This website is an odd mix of my interests as a writer, entomologist, naturalist, gardener, and educator. You’ll find blog posts about rural New Zealand life, links to my books, and some of my favourite recipes. Feel free to explore, drop me a line, and sign up for my e-mail list.
A while back I blogged about the Uplifted Polenta Lasagne my husband made. Well, recently I decided to create another version of it based on the ingredients I had available. The result was spectacular and deeply satisfying.
First, make the firm polenta:
1 1/2 cups corn meal (sold as ‘polenta’ here, sold as ‘instant polenta’ in many other places)
5 cups water
1 1/2 tsp salt
Bring salted water to a boil and whisk in the cornmeal. Turn the heat down slightly and whisk for about five minutes, until the polenta thickens. Pour out onto a large, lightly oiled jelly roll pan and spread evenly. Allow to cool for at least 30 minutes.
While the polenta is cooling, make the tomato sauce:
2 cloves garlic
2 Tbs olive oil
2 smallish carrots, grated
1 Tbs paprika
1 can chopped tomato (I would have used fresh if I’d had any)
handful fresh basil
salt and pepper to taste
Saute the garlic in oil until fragrant. Drop in carrots and paprika and cook for a minute or two longer. Add tomato, basil, salt and pepper and simmer for 15 minutes.
While the tomato sauce is simmering:
Preheat the oven to 190ºC (375ºF).
Slice a medium-large zucchini into 3 mm thick rounds.
Grate 1 1/2 cups edam cheese.
When all the components are ready, oil a 23×33 cm (9×13-inch) baking pan. Cut polenta into about 24 squares. Layer polenta squares, tomato sauce, and zucchini rounds in sideways ‘stacks’ to fill the pan. Pour over the remaining tomato sauce and top with cheese. Bake for 30 minutes.
We regularly seek out new places to hike, but sometimes it’s nice to visit old friends.
I never get tired of the place. There are so many nooks and crannies to explore, it feels like every visit is new. And the place shows different faces in different weather—fog, rain, snow, or sparkling blue skies. It never gets old.
Last week when we visited, there was a carpet of daisies blooming in a spot I rarely pay attention to. It made me stop and take note of the location as though I’d never been there before.
On every visit, I make the climb to the top of Castle Hill—the highest point at Kura Tawhiti on which stands a glorious sentinel rock. It’s a stiff climb of about 160 vertical metres. From there you can look down on the rest of the limestone formation.
I was lucky to have the opportunity, not only to visit Kura Tawhiti on Wednesday last week, but to look down upon it from a much higher vantage point on Friday.
We hiked up from Porter’s Pass to Castle Hill Peak (1078 metres higher than Castle Hill, and a serious slog on unrelenting scree), from which all of Kura Tawhiti looks like a little bump on the valley floor below. It was interesting to see what I think of as a large part of the landscape put into perspective. And it was a great reminder of just how many places there are to explore, big and small—it’s a great wide world out there!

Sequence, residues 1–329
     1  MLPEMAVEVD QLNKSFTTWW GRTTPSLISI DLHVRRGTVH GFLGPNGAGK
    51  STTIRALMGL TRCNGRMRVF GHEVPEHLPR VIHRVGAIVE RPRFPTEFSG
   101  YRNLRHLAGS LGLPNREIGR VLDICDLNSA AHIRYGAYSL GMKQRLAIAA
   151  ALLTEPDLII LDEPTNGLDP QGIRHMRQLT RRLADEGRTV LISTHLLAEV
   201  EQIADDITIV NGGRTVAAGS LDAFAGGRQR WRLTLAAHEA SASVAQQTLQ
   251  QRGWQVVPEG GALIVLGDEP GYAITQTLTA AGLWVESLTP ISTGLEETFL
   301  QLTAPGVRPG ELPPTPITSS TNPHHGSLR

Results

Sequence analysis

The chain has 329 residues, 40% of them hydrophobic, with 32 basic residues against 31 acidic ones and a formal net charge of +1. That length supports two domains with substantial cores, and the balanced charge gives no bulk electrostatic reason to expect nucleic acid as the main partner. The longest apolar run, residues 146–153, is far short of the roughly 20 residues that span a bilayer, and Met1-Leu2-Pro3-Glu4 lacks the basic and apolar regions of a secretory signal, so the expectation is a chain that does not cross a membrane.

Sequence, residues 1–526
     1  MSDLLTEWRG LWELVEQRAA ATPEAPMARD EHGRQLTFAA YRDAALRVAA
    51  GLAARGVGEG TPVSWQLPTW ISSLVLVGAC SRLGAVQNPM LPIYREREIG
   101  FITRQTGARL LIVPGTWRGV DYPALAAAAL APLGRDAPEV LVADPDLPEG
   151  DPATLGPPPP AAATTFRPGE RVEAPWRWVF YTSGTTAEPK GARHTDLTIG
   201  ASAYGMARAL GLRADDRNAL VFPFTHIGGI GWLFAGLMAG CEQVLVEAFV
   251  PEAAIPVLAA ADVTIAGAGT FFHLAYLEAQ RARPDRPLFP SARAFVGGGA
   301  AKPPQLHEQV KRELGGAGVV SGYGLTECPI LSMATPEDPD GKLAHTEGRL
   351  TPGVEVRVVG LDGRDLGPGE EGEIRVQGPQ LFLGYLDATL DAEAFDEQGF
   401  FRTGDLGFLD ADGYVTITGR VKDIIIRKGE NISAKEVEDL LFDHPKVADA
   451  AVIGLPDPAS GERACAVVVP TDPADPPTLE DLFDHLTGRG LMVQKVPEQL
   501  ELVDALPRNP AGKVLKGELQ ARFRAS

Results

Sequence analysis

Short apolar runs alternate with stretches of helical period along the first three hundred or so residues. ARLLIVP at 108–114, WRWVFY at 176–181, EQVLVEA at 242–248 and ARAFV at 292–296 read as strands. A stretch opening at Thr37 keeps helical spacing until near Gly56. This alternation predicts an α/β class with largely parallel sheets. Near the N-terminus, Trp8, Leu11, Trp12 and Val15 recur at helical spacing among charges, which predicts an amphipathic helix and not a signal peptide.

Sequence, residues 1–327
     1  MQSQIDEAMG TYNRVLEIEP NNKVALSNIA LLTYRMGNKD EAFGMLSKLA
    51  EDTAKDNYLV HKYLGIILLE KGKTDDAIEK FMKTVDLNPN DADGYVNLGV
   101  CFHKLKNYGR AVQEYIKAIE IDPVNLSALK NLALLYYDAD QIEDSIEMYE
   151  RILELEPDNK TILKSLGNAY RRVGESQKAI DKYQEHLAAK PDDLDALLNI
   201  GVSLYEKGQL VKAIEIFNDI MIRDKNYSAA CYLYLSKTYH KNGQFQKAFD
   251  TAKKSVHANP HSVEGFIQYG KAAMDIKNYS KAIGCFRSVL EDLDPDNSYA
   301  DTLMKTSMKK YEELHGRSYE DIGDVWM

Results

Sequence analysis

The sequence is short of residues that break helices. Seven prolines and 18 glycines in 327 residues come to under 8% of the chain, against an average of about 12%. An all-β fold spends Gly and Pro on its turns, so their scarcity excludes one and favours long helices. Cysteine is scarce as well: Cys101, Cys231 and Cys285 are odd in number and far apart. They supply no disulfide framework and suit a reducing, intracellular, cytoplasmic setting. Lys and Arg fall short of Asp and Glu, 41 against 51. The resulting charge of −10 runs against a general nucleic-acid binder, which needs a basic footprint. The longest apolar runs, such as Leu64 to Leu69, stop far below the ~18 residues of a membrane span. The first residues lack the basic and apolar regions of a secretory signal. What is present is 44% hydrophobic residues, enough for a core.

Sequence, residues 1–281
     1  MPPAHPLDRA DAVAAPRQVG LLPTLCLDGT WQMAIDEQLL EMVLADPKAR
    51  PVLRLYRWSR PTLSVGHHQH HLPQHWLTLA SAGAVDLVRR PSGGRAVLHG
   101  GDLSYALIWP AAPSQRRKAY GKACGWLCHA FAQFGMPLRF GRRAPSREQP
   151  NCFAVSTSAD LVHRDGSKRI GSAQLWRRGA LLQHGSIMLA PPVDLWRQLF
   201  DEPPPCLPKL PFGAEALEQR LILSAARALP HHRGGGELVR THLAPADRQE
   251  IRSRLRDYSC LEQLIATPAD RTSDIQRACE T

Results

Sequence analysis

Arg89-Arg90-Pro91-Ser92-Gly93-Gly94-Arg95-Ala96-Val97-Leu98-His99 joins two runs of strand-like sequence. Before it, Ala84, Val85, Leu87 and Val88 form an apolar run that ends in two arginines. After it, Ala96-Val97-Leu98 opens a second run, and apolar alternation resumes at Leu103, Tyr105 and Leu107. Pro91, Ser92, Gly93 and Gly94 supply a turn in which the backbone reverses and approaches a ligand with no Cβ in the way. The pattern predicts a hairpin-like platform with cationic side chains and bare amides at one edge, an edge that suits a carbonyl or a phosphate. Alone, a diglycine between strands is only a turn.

Before Christmas, the family spent five days tramping in Nelson Lakes National Park. We have tried several times to plan a trip to the area around Angelus Hut, but something has always happened to cancel it—once it was bad weather, another time it was a gastrointestinal bug at Angelus Hut that laid 30 hikers low, another time it was the Kaikoura earthquake. But this year, we managed, with only a 24-hour postponement due to the weather.
We rolled in late on day one. With only a two-hour hike to the first hut and pouring rain forecast to clear late in the day, there was no reason to start early. We lucked out, and the last raindrops fell as we were getting out of the car. The climb to Bushline Hut on Paddy’s Track was a bit of a monotonous uphill, but with nice views. If I were doing it again though, I’d give Bushline Hut a miss. The place is overrun by mice—if the noise of them nibbling into everyone’s packs didn’t keep you awake all night, their pattering feet over your bed or down your neck did. It was less than pleasant.
Leaving the mice behind in sparkling sunshine the next morning, we followed Robert Ridge to Angelus Hut. Well above tree line, the ridge is one continuous spectacular view of the mountains and lakes in and around the park. We were prepared for wind and cold (it had snowed on the ridge the day before), but enjoyed sun all day with very little wind. My favourite part of the ridge was the profusion of vegetable sheep—some of the most spectacular specimens I’ve ever seen.
We made good time and enjoyed lunch overlooking a mountain tarn just a few minutes before reaching Angelus Hut, in its dramatic location at the edge of Lake Rotomaninitua. That left us all afternoon to explore the stunning tarns, streams and rocks around the hut. Rain from the preceding days had left all the tarns and streams overflowing, and the sound of flowing water was a constant—trickling through rocks underfoot or rushing in torrents down the mountainsides.
The following day was the hardest and most spectacular, following the Mt. Cedric Route to Sabine Hut. I thought Robert Ridge was spectacular, but the Mt. Cedric Route blew Robert Ridge out of the water! Again, we had fabulous weather and enjoyed the views. The route skirts around an unnamed 1880-metre peak, which we summited—an easy scramble without packs, and well worth it for the views. From that high point, the rest of the track is downhill. Fourteen hundred metres vertically, to be exact, most of which happens in the incredibly steep final 1.5 km. While the ridges and scree slopes of the majority of the route are visually and mentally daunting, they’re relatively easy to traverse. But the drop through the forest, on slick wet leaves, was basically one long ungainly fall.